Zeppelin raids, Gothas and 'Giants'

Britain's First Blitz - 1914 -1918

Ian Castle looks at the World War One air raids on Britain - the First Blitz

40 (3)


3rd May 1916



The details of this air raid appear a little confused as regards to the number of bombs - some official sources say seven and others nine high-explosive bombs. Also the exact locations of some bombs are missing in official and newspaper accounts written at the time.


At about 3.30pm on Wednesday 3rd May a single Hansa-Brandenburg NW floatplane of SFA 1, based at Zeebrugge, appeared over Deal, approaching the town from the direction of Ramsgate. Although it was bright day there were banks of cloud, making observation and identification difficult. As it circled over the town for a couple of minutes it did not raise any undue concern, those who saw it presuming it was a British aircraft.


Reports state that six bombs fell in the locality of the railway station, but none actually on it. One of these bombs exploded on what some reports describe as an outhouse and others as a lodge, by a tarred path leading to the station. The bomb destroyed the roof and smashed windows in about 20 houses. Considering where those bombs we do know fell, this may be Church Path. A railway ticket inspector, Mr Potnell, walking along the path to the station received severe injuries to his arms and legs and later had a leg amputated. Not far away near Sutherland Road, a milkman, Charles Hutchins, also suffered a leg injury from a flying bomb fragment. Another bomb fell in a road nearby making a crater and smashing numerous windows in the area. A third bomb destroyed the roof and the upper storey of a house, severely injuring an invalid woman who lived there. A large part of the roof landed in the road and stopped the traffic. Details of the other three bombs near the station are not recorded, it is unlikely therefore that they caused any significant damage.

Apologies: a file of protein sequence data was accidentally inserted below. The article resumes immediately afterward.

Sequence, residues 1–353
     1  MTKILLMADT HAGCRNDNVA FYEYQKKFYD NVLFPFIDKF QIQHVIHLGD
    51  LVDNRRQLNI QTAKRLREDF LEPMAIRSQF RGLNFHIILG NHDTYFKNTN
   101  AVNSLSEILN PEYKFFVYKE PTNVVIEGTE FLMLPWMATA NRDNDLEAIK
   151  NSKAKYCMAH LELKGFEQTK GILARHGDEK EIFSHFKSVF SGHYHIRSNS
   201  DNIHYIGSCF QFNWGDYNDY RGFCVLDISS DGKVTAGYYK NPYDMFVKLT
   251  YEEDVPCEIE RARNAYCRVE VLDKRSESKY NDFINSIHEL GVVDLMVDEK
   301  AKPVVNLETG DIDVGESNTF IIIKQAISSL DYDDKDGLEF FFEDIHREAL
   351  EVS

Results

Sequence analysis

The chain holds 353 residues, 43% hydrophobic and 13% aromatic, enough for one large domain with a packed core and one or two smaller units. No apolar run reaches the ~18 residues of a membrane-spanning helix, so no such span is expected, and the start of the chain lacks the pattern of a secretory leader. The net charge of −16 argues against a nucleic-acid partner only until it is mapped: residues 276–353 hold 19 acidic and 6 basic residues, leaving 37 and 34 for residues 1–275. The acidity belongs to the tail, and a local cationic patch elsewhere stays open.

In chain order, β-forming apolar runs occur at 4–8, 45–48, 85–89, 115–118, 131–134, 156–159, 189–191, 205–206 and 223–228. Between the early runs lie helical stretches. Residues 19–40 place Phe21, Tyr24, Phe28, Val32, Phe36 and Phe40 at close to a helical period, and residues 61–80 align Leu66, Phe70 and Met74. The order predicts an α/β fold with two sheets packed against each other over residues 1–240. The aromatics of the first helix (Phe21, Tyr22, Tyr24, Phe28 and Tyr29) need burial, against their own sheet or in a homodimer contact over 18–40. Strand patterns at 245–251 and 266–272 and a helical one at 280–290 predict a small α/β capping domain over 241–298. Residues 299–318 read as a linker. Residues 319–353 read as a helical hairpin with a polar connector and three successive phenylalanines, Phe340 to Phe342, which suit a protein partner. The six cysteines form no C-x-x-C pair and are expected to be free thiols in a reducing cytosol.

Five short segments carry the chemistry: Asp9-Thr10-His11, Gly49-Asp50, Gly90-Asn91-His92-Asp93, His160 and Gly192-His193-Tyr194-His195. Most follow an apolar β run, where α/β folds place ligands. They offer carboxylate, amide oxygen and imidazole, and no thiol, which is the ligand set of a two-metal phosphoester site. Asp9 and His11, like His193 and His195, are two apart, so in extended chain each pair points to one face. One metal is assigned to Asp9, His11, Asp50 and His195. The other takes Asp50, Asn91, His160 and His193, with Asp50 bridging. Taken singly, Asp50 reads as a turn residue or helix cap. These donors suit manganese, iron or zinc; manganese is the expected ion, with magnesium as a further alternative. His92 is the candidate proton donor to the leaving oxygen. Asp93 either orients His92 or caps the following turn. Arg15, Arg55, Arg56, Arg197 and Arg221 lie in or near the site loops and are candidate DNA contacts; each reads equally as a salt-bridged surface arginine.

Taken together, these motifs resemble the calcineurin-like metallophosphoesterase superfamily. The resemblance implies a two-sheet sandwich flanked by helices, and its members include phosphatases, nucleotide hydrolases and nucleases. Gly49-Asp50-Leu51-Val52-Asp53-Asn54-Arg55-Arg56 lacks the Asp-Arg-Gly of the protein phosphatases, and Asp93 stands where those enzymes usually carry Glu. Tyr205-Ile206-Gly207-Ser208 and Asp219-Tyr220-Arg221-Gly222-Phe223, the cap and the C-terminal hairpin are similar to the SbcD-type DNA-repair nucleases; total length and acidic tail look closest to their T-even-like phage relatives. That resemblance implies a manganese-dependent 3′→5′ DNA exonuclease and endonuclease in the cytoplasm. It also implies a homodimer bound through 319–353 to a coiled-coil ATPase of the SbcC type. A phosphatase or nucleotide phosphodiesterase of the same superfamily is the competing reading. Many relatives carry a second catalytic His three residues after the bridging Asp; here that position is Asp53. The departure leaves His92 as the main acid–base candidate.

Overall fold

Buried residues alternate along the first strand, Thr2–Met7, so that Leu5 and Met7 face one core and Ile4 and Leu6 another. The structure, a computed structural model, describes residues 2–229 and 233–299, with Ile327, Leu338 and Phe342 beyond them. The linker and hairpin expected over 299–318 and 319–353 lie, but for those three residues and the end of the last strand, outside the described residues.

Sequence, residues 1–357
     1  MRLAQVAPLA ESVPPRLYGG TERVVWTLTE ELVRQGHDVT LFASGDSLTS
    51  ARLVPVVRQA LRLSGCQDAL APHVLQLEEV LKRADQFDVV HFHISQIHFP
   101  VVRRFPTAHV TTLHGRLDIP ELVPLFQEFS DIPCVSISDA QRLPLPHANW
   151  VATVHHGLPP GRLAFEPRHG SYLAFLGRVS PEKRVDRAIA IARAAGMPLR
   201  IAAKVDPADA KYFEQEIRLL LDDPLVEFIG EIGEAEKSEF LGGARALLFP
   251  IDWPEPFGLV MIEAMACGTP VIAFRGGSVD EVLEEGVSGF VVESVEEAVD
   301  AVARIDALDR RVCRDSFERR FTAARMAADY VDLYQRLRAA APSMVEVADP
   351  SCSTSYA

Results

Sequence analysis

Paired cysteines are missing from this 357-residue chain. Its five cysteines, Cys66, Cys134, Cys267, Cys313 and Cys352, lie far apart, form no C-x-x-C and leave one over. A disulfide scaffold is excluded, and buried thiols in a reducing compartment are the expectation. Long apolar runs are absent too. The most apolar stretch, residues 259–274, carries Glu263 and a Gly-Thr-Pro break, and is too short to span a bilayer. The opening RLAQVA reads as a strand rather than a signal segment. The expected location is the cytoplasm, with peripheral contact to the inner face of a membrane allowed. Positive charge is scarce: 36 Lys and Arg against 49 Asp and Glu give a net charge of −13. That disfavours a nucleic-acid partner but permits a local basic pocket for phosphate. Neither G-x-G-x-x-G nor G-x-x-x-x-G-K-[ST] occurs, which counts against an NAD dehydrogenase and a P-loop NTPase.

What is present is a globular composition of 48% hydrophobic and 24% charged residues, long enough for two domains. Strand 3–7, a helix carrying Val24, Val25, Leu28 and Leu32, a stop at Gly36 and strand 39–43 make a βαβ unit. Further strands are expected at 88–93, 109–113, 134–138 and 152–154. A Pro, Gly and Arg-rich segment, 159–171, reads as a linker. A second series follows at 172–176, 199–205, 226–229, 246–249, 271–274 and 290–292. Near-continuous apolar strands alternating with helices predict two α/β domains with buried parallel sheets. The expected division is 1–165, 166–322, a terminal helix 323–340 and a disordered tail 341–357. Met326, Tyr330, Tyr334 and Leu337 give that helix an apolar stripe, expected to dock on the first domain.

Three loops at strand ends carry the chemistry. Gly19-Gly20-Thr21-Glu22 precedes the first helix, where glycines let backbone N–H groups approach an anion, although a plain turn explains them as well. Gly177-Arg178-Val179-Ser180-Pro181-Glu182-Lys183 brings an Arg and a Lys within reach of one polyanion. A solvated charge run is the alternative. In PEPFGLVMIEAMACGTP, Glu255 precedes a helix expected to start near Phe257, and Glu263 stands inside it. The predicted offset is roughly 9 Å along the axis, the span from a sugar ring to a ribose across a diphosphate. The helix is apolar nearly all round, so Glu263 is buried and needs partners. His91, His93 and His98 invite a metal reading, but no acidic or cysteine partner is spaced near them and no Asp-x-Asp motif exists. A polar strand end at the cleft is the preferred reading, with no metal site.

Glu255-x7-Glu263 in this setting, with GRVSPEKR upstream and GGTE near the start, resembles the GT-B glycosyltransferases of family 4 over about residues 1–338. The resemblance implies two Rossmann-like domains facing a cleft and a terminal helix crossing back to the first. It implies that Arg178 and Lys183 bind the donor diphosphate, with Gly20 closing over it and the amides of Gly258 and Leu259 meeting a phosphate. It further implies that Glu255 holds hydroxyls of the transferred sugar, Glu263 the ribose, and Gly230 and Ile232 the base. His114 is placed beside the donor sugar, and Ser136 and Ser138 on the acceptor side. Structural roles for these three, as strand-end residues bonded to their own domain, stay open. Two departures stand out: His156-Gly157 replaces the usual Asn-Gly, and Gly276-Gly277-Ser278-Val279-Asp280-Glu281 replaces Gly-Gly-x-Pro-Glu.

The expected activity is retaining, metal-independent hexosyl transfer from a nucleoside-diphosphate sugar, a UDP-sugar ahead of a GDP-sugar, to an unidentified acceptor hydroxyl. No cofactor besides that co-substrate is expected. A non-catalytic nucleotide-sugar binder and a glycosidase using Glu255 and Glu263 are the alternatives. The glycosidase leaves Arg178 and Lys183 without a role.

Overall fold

The last identifiable bomb landed on the roof of Admiral Keppel pub in Manor Road, near the western end of Church Path, and directly opposite St. Leonard’s Church. It appears not to have detonated. Damage amounted to ‘dislodging the tiles, and damaging the top part of the structure’. Flying debris appears to have caused minor damage to the church.


The official report then adds that ‘Two further bombs dropped did no damage’.  


The surprise appearance of the raider meant defence aircraft only got airborne after it had started its return journey. With a head start and low cloud they had no chance to engage the raider.



Casualties: 0 killed,  4 injured


Damage: £720


St. Leonard's Church (left) and the Admiral Kepple pub (right) had a narrow escape on 3rd May 1916.

(Photo courtesy of Jane Bedo)